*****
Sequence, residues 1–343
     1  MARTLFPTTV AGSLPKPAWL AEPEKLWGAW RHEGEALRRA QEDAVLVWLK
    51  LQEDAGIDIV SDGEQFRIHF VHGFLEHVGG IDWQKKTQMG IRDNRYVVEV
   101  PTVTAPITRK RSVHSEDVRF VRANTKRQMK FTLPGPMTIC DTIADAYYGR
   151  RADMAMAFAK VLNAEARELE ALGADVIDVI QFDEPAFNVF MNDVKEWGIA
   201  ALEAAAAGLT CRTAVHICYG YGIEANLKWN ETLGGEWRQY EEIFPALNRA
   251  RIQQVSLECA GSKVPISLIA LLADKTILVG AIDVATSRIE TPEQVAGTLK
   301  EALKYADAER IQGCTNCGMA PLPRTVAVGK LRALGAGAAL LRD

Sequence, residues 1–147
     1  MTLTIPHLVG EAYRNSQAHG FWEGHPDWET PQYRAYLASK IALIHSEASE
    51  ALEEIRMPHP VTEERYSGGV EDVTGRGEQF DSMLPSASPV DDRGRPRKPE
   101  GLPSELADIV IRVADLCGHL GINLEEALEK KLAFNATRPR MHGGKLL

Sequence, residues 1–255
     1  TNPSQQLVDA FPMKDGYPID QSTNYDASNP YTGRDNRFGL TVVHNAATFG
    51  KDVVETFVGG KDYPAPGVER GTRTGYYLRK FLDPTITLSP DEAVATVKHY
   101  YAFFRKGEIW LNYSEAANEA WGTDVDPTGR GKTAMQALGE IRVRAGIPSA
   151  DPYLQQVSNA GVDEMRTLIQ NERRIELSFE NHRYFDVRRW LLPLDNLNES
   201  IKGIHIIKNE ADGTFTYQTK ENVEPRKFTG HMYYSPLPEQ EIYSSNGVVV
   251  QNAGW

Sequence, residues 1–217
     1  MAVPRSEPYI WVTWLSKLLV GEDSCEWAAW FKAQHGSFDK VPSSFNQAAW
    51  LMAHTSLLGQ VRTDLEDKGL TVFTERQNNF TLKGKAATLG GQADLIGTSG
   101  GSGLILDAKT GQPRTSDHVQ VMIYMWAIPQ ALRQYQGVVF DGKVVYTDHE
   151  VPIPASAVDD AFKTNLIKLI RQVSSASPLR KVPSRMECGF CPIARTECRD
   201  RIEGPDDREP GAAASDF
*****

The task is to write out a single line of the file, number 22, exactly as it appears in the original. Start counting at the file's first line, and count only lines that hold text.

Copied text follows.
    51  LMAHTSLLGQ VRTDLEDKGL TVFTERQNNF TLKGKAATLG GQADLIGTSG